It’s gone from exclusivity to the Chevy Chase mentality. They hook their houses up behind the SUV just so they can go check off “see a mountain.” They have no more respect for the environment around them, they just want to get another check on the list.

Everyone in our group just kind of left at their own pace, and soon, it was just Mom, Dad and me. As we were driving home, Dad had a brainstorm. “Hey! Why don’t we stop at the Rocky Mountain House National Historical Site?” I was all for this idea.

When I was a kid, daytrips to the Rocky Mountain House National Historical Site were quite common. The last time I was there had to be a class trip in 1992. See, Rocky Mountain House was home to the last Hudson’s Bay Company fort in Western Canada. The fort has long since crumbled, and all that remains are the two stone chimneys from the commissioner’s house. Anyway, the ruins of the fort and the surrounding acres are now in the care of Parks Canada. They have a tiny bit of a museum on the site, and you can go for hikes to see what life was like in the 1870s. I always enjoyed it when I was a kid, and was eager to return.

At the Rocky Mountain House National Historical Site, I was treated to the experience that I wanted from the mountains, but didn’t get. Here was something that hadn’t changed since I was 8 years old. The crowds were still modest. The museum display hadn’t changed at all. And the walks around the grounds were still very relaxing. And you learned something, too. This was exactly the kind of getaway I was looking for.

But sadly, that’s turned into a bit of a problem for the place. When my Dad suggested we stop in and check it out, there was a bit of direness in his voice. For you see, in the past few years, Parks Canada has toyed with the notion of closing the place down. It just doesn’t draw in the people like it used to, and the upkeep is getting rather expensive. We chatted a bit with some of the attendants on duty. Yes, the lack of people is a bit of a problem, and their funding has been greatly cut over the years. But, they’re finding ways to survive. Like most other museums, they now have a much greater dependence on private donations and volunteers. They have a “Friends of…” society that’s quite active. Most of the re-creationists on that day came from a Calgary-based Métis organization, who believed that the Rocky Mountain House National Historical Site still serves as illustrating a part of Métis heritage.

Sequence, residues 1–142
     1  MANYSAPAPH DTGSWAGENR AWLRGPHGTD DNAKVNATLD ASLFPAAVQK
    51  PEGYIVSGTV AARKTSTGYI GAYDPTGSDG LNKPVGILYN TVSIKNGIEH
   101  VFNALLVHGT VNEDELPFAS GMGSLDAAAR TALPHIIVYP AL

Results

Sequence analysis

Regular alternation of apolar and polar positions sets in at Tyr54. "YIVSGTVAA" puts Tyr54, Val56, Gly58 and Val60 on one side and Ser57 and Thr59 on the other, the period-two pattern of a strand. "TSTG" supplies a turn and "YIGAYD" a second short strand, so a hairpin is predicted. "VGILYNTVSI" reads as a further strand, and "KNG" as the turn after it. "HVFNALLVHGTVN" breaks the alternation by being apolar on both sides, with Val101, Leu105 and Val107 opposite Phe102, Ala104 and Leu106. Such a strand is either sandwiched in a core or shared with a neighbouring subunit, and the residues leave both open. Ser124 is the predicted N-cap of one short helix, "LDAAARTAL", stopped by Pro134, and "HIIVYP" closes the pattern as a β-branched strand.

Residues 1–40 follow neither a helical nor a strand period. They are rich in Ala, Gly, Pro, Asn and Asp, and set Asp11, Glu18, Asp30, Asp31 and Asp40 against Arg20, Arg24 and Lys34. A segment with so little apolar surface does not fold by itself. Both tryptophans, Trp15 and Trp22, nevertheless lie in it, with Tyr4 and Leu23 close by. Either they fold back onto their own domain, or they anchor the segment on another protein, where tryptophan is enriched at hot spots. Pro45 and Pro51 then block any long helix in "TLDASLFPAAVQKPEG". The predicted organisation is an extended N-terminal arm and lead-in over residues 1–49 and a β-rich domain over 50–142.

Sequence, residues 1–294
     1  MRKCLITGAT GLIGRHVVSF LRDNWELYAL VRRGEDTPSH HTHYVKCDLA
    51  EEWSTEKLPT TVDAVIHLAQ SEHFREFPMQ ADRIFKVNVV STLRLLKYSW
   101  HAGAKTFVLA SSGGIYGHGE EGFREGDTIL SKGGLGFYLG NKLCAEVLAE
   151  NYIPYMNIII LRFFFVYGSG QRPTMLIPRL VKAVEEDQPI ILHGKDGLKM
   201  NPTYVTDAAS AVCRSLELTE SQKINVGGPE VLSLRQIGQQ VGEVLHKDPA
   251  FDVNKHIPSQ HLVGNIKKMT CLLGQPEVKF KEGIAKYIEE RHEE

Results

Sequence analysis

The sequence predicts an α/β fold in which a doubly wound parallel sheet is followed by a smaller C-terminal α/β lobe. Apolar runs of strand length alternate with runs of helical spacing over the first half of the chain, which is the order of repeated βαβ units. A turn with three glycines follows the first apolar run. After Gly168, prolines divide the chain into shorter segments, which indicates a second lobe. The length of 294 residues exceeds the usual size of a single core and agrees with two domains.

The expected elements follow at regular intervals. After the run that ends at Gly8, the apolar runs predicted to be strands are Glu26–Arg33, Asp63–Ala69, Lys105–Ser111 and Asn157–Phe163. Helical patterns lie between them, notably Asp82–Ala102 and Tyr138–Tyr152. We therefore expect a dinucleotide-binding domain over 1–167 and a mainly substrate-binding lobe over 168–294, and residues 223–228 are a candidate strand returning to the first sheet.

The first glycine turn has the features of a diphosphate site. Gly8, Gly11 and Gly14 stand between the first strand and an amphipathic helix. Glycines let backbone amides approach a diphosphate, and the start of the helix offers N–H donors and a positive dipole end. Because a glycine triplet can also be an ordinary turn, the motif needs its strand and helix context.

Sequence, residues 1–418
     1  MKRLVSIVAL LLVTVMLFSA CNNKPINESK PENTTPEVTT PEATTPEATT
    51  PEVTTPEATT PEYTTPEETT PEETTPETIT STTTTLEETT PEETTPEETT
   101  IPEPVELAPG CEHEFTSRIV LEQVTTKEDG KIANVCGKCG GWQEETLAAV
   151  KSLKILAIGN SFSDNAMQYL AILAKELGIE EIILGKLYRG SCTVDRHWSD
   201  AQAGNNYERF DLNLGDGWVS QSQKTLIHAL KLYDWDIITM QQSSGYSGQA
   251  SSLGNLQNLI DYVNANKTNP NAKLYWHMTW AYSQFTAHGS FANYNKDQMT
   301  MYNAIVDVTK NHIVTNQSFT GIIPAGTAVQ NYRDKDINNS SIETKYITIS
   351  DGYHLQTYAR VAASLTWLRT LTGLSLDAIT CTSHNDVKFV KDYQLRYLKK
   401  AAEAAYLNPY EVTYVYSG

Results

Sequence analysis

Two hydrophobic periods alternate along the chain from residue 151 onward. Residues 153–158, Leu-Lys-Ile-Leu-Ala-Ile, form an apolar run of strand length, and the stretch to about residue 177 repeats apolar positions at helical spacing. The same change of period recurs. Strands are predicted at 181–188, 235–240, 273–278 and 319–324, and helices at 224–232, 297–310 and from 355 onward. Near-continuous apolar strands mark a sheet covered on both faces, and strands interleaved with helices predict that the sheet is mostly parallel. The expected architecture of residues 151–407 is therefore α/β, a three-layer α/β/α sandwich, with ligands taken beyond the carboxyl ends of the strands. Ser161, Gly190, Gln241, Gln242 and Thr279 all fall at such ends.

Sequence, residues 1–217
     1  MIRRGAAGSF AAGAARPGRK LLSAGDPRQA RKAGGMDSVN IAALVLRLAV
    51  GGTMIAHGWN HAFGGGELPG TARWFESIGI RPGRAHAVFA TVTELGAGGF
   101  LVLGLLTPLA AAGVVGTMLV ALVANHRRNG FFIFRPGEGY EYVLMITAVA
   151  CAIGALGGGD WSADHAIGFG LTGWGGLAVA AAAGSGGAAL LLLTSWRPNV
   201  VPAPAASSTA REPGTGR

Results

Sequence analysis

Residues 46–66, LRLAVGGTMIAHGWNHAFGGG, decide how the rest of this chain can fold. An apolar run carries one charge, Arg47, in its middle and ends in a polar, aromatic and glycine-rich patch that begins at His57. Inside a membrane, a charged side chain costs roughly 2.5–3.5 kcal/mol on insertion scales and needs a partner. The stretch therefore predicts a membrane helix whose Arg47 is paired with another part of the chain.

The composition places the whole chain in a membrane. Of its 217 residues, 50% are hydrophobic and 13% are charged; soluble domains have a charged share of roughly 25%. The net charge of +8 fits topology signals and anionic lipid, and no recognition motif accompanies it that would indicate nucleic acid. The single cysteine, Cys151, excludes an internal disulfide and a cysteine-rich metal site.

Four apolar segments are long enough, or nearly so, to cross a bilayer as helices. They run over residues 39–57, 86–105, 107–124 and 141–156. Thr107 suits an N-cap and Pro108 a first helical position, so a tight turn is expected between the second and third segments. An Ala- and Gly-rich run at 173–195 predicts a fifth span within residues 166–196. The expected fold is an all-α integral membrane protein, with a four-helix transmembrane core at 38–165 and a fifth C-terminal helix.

I left there feeling somewhat saddened at the whole tourist experience. Here was a good, decent tourist site that sadly needed a boost in attendance. But, if they were to do more, they would most likely lose that which still makes them special. If they allow in the massive RVs, odds are what makes it special will be squashed. But they need more of that if they want to survive.

The tourist economy is now driven by the bigger and the better. We need the bigger RVs. We need to have more tourists. We need to get to the exclusive sites like the Rocky Mountains, but the damage caused by millions upon millions of people marching through there is immeasurable. And those little, out-of-the-way places that we enjoyed so much when we are children are getting crushed; passed over on the way to the bigger and the better.

We continued onwards towards home. The vacation was over, and I was more divided on my attitudes towards the tourism industry that I ever was. It all goes back to National Lampoon’s Vacation and the checklists. We have to find a balance. We have to quit being so dedicated to our checklists and learn once again that being a tourist is so much more than checking off “see deer.” It’s the side trips, the Rocky Mountain House Historical Sites that help make that integral difference: the difference between being a tourist, and going on vacation.